On May 17th, Facebook had its long anticipated Initial Public Offering (IPO). It sold shares at $38 each, giving it a market valuation of $104 billion. For an instant, Facebook was the 23rd most valuable company in the U.S. The ensuing debacle serves as a metaphor for the U.S in general.
Facebook is an eight-year-old social networking service that has over 900 million users worldwide. It's a convenient way to maintain contact with family and friends -- for example, to post photos of your new relationship or grandchild or pet.
There's nothing wrong with Facebook selling stock in order to raise money and compensate its employees and investors. It's the dream of every entrepreneur to start a company that one day becomes successful, has an IPO, and makes its founders wealthy. It's the nature of the free market.
But in this case there was a serious problem with the valuation of Facebook stock. On May 17th, Bloomberg Financial Services reported that at $38 per share, Facebook would be "the largest company to go public in the U.S. by market capitalization... Facebook's valuation is worth the combined market capitalizations of News Corp., Time Warner Inc. and CBS Corp." At its offering price, Facebook was worth more than: Amazon, McDonald's, Cisco, Comcast, Visa, and Citigroup, among others. On May 17th Facebook ranked in the top 10 of technology companies; Facebook was worth roughly half of Google, the company it is most often compared to.
Then the bubble burst. As soon as Facebook shares (ticker symbol FB) were available to the public, the price began to drop. As of this writing, the stock price is $26.31 and the market value is $56.25 billion.
The Facebook Corporation, and those employees and investors who sold FB stock on May 17th, got a good deal at $38 per share. So did the IPO underwriters, who received a fat commission. But little investors -- those who were hoping that Facebook would quickly become another Google -- got burned.
The stock market and most Americans have been in a funk because of the lethargic U.S. economy, characterized by persistent high unemployment, and the financial crisis in Europe. Financial analysts had hoped that the Facebook IPO -- a highly visible, much-anticipated event -- would cheer up Americans and rekindle their interest in the stock market. Instead it contributed to the economic malaise and reconfirmed some of our worst fears about the financial community.
Why did the Facebook stock price fall? Writing for CNN Money, Julianne Pepitone had three explanations. First, on the morning of May 18th -- when Facebook opened public trading on NASDAQ -- there was an unprecedented trading glitch, "that left investors unsure about how many shares they bought or sold, and at what price." Second, on May 24th a lawsuit was filed, "alleging that important information about Facebook's financial outlook was 'selectively disclosed' to big banks ahead of the IPO." Reuters reported that four major Facebook IPO underwriters -- Morgan Stanley, Goldman Sachs, JPMorgan, and Bank of America -- "received privileged information about Facebook's financials -- information that wasn't shared with regular folks... the lawsuit alleges that Facebook told analysts at its underwriters "to materially lower their revenue forecasts for 2012." Finally, Pepitone noted that Facebook's IPO price, $38, gave it a valuation that many analysts felt was "remarkably high given Facebook's financial fundamentals."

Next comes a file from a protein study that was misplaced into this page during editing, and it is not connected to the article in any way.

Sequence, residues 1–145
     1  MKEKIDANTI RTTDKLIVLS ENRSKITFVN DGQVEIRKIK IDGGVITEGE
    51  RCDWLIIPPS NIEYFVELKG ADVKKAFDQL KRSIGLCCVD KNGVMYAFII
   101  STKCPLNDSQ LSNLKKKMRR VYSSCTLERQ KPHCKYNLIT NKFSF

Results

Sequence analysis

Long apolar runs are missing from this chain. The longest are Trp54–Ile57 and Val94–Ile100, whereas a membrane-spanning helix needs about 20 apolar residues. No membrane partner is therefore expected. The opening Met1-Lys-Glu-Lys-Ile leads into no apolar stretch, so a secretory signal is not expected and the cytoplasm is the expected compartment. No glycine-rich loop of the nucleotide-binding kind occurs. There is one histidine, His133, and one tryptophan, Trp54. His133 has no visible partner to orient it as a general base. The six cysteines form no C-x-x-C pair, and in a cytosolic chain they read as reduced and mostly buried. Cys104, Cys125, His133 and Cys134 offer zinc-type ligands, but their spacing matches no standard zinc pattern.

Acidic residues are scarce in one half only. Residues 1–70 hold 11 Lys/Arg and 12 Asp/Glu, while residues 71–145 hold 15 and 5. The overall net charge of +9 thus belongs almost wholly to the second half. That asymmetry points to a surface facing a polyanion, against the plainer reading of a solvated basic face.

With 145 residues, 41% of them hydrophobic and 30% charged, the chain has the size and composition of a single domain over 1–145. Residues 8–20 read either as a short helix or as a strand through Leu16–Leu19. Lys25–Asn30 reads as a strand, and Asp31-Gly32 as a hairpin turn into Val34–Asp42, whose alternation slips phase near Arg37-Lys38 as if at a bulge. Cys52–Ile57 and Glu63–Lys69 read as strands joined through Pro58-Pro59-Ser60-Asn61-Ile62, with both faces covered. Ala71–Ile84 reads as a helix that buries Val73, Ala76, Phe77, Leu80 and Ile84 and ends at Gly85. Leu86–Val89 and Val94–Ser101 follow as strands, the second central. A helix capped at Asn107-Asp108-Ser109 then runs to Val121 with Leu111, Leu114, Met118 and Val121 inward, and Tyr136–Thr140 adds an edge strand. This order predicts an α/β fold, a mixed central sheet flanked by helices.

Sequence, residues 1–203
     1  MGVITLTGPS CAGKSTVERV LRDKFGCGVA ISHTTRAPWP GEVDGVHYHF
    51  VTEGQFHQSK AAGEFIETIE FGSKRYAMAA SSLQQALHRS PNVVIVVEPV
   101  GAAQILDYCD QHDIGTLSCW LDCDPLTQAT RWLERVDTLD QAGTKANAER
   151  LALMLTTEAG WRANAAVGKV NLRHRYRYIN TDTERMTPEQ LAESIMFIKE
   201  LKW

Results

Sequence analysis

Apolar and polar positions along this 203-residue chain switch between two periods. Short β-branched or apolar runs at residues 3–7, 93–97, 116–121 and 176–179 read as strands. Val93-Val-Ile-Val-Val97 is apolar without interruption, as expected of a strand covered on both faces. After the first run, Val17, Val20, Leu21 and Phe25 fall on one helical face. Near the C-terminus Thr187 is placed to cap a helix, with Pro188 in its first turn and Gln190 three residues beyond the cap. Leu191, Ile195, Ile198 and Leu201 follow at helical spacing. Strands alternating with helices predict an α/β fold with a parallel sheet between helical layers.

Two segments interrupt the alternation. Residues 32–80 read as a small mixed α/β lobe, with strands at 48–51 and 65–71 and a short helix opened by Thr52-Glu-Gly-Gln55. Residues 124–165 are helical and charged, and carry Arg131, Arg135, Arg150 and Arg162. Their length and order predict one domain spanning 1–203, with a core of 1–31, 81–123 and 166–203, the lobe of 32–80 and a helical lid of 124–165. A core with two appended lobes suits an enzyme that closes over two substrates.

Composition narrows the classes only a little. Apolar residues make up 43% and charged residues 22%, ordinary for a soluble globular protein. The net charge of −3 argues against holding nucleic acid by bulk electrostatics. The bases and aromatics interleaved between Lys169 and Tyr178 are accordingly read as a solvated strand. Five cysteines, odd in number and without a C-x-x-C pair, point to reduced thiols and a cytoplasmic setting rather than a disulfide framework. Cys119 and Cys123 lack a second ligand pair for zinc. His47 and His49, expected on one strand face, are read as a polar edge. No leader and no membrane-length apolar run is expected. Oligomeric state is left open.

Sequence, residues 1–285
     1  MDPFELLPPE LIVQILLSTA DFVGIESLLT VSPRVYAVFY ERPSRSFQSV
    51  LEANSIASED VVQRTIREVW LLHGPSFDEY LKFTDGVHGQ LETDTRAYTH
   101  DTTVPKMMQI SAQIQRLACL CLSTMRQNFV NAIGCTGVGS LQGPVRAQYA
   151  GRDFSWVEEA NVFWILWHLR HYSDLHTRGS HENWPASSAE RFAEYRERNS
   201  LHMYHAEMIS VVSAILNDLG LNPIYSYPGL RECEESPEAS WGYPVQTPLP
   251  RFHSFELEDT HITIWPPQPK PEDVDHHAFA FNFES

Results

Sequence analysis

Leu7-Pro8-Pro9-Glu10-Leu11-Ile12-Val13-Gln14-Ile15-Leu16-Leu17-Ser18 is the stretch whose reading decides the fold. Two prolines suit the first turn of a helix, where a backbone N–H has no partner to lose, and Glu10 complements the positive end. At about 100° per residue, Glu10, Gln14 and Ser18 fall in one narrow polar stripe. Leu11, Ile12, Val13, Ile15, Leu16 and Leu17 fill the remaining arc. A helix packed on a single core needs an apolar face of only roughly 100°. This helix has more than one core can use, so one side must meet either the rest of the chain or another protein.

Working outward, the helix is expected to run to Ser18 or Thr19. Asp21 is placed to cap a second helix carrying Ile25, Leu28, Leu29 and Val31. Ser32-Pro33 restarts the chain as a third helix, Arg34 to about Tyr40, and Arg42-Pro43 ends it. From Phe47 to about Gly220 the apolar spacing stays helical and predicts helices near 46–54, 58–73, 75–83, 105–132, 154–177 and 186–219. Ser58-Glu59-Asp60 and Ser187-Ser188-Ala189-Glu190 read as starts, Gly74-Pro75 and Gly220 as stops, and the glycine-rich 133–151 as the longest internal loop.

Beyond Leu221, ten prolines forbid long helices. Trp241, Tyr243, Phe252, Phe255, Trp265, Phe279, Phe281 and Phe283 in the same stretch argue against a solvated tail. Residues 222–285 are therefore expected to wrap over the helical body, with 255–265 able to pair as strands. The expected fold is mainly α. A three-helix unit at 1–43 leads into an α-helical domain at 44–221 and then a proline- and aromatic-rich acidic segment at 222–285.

Writing in the New York Times, Nathaniel Popper observed that the Facebook debacle reinforced American sentiment to get out of the stock market. "The portion of Americans invested in the stock market dropped this year to its lowest level since Gallup started asking, every two years, in 1998." Popper interviewed a Madera dairy farmer who said, "watching the Facebook offering had confirmed all the fears and suspicions that led him earlier this year to take out the savings, in the five figures, that he and his wife had invested in stocks and stock mutual funds and move the money into real estate investments. 'We've lost trust in the whole scenario.'"
Eight years ago Americans trusted the financial community. That was one of the factors that spurred George W. Bush's effort to privatize Social Security. Now that trust has evaporated.
The Facebook IPO reinforces the widespread perception that the people who run Wall Street can't be trusted. In October a CNN/ORC Poll asked, "Overall, how much do you trust Wall Street bankers and brokers to do what is best for the economy: a great deal, somewhat, a little, or not at all?" Fifty-four percent responded, "not at all." Polls like this, and Occupy Wall Street, indicate that most Americans feel that the nation's financial system has been tilted in favor of the rich and powerful.
There will be many possible themes for the 2012 Presidential election -- jobs, women's rights, and religious tolerance, among others. But a central theme should be "who do you trust to clean up Wall Street?" President Obama has enacted modest reforms to police Wall Street. Mitt Romney wants to repeal them.
The Facebook debacle indicates that there is more work to be done before Americans can return to the stock market and trust that the financial community operates in the best interests of all the people, not just the one percent.
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